from the haphazardly-thinking-of-the-children dept
We’ve done all
we can we’re willing to do to make schools safer. We’ve added more cops, something that sounds like safety but just means we’ve offloaded school discipline to people trained in the art of violence. We’ve locked more doors, added more machinery, and opened up our students to all sorts of pervasive surveillance.
And yet, we still lead the world in school shootings. Maybe that’s where we’re going wrong. Maybe we need to look towards our nearest analogue, the home of the founding fathers we told to pack up and go home back in 1776. When the dust and bullets cleared, we got the Second Amendment. They got Knifecrime Island.
The biggest threat in the US is guns. Guns are easy. Guns allow people to kill without having to generate much physical effort. The UK has clamped down on guns, but still finds itself dealing with plenty of violence, mostly of the knife variety.
Let’s let the Brits train our AI. Maybe that way we can catch weapons that aren’t guns before they’re wielded against children. Whoever’s training AI to catch weapons isn’t doing the best they can to prevent weapons from being brought into schools. This report, coming to us from our former landlords at the BBC, says weapons are eluding school entry checkpoints at an alarming rate.
Evolv Technology is a security firm that wants to replace traditional metal detectors with AI weapons scanners.
Instead of simply detecting metal, Evolv says its scanner “combines powerful sensor technology with proven artificial intelligence” to detect weapons.
Cool shit, non?
Non. Non, indeed.
Evolv claims its system is “highly accurate” and utilizes intelligence capable of detecting weapons ranging from improvised explosives to guns to knives. But it apparently ain’t all that great when it comes to the last item on that list.
However, a BBC investigation last year revealed that testing had found the system could not reliably detect large knives – after Evolv’s scanner missed 42% of large knives in 24 walk-throughs.
That information was passed on to Evolv. BBC testers told Evolv to inform its clients that its AI failed to detect knives almost 50% of the time. Its clients — at that time — included stadiums across the US, as well as the Manchester Arena in the UK.
It appears Evolv believes no news (delivered to its customers) is good news. Or, at the very least, if it’s not good news, then it’s definitely good business. Keeping its customers in the dark has allowed Evolv to expand it market base, despite selling a faulty product that misses one form of deadly weapon more than 40% of time.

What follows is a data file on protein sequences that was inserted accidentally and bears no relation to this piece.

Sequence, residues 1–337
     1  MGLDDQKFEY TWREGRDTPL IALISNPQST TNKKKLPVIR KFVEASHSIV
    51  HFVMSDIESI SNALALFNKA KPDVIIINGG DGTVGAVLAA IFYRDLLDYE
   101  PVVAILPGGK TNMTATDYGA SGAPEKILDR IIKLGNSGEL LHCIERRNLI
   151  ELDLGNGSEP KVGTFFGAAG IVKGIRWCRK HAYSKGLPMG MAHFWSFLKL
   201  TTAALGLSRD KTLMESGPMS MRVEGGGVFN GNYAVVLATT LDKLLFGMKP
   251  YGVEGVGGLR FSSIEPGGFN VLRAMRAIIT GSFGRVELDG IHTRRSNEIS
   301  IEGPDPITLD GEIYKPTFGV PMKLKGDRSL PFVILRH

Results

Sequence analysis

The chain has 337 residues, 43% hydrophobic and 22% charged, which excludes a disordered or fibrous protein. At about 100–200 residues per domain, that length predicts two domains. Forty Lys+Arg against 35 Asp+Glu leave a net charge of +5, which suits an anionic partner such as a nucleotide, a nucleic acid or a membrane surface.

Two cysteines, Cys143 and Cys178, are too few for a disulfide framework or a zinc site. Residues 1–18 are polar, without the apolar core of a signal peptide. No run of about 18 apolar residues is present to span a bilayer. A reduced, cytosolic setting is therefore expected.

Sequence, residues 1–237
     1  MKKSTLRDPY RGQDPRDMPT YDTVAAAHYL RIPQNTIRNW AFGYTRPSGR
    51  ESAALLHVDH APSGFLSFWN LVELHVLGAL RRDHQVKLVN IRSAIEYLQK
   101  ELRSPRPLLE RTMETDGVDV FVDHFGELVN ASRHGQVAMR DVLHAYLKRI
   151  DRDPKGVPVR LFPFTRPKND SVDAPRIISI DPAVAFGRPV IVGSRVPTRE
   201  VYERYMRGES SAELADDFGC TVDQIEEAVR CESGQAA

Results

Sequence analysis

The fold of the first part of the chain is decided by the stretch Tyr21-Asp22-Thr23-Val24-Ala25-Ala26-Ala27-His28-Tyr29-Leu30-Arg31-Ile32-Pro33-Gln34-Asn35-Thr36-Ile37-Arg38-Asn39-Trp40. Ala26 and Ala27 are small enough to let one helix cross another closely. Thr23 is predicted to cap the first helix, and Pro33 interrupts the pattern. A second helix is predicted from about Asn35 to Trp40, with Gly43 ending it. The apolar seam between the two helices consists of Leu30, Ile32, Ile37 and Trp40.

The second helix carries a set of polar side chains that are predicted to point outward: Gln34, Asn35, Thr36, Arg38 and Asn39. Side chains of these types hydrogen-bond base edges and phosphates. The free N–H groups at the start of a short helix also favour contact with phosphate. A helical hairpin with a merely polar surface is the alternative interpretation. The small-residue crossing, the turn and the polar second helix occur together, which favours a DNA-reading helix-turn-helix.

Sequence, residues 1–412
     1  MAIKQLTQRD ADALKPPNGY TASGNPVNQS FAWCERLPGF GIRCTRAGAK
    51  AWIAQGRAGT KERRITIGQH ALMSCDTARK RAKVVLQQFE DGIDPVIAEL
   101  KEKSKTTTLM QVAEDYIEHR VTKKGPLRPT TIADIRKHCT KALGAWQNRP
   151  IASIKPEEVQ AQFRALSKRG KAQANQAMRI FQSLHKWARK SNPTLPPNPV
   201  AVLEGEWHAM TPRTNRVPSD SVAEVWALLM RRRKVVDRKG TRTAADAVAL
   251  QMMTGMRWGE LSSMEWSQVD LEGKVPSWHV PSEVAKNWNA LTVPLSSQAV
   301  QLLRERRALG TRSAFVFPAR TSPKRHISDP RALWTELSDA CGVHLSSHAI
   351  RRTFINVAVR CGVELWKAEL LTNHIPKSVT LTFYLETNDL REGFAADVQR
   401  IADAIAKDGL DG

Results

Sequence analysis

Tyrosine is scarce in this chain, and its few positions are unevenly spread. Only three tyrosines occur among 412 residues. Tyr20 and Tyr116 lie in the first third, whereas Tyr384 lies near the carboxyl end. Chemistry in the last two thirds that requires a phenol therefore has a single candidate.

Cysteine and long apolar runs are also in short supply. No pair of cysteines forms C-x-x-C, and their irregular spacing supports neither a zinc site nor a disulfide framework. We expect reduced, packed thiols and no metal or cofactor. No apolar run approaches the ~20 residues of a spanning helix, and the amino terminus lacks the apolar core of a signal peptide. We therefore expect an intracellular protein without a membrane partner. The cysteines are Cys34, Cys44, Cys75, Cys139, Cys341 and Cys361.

Despite this, the company has been expanding into schools, and now claims to be in hundreds of them across the US.
Knives have rarely contributed in mass killings in the United States. We have always had better violence options.
But that fact shouldn’t be used to excuse a company’s unwillingness to inform current and potential customers of its shortcomings. Sure, guns are a bigger problem in the United States, but Evolv isn’t just plying it wares in the Land of the Free and home of the Mass Shooting. It’s selling apparently faulty tech to customers elsewhere in the world where gun rights are more limited and knives have become the most efficient way to engage in mass violence.
And Evolv knows it’s falling down on the job. That knowledge isn’t deterring it from pitching its products while it attempts to find a solution. In fact, it appears Evolv isn’t looking for solutions. It’s just asking its copywriters to create more absolutional sales pitches.
Following a high-profile stabbing in a New York school utilizing Evolv’s tech, Evolv began rewording its pitch pages on its website to distance itself from its previous promises of impervious defense to something much more vague and more in line with the sales pitches of cop tech, which have moved away from the term “non-lethal” following deadly deployments of their products to phrases that actively distance these tech purveyors from legal liability, like “less lethal.”
After the stabbing, the wording on Evolv’s website changed.
Up until October last year, Evolv’s homepage featured a headline that boasted of “Weapons-Free Zones”. The company then removed that wording, and changed the text to “Safe Zones”. It has now been changed again and reads “Safer Zones”.
But “safer” than what? Staying at home? Using plain old metal detectors? Belated attempts at plausible deniability?
The BBC has yet again asked Evolv to explain itself and inform its customers it’s not all that great at detecting certain weapons. And yet again, the company has refused to engage directly with the BBC and its investigative journalists. Instead of directly responding to this article, the company has directed people to an exonerative blog post written by its CEO, Peter George, in which the company claims the reason it won’t answer questions about its faulty tech is because it doesn’t want violent threats to children to exploit these details to thwart its obviously-faulty system.
But who needs to thwart anything? It’s pretty much a coin toss whether or not someone heading into a school will be caught with a knife. Why bother with the dissembling when you can just roll the dice on tech that claims it will keep schools
free of weapons slightly less free of weapons may catch some weapons.
If that’s the best Evolv can do, it can be done better by cheaper tech sold by companies that actually know how to detect weapons, rather than claim they’re doing some sort of sci-fi shit with their over-priced scanners and then directing people to non-apologies every time it’s pointed out they’re failed to deliver on their promises.
Filed Under: ai, knives, scanning, weapons scanner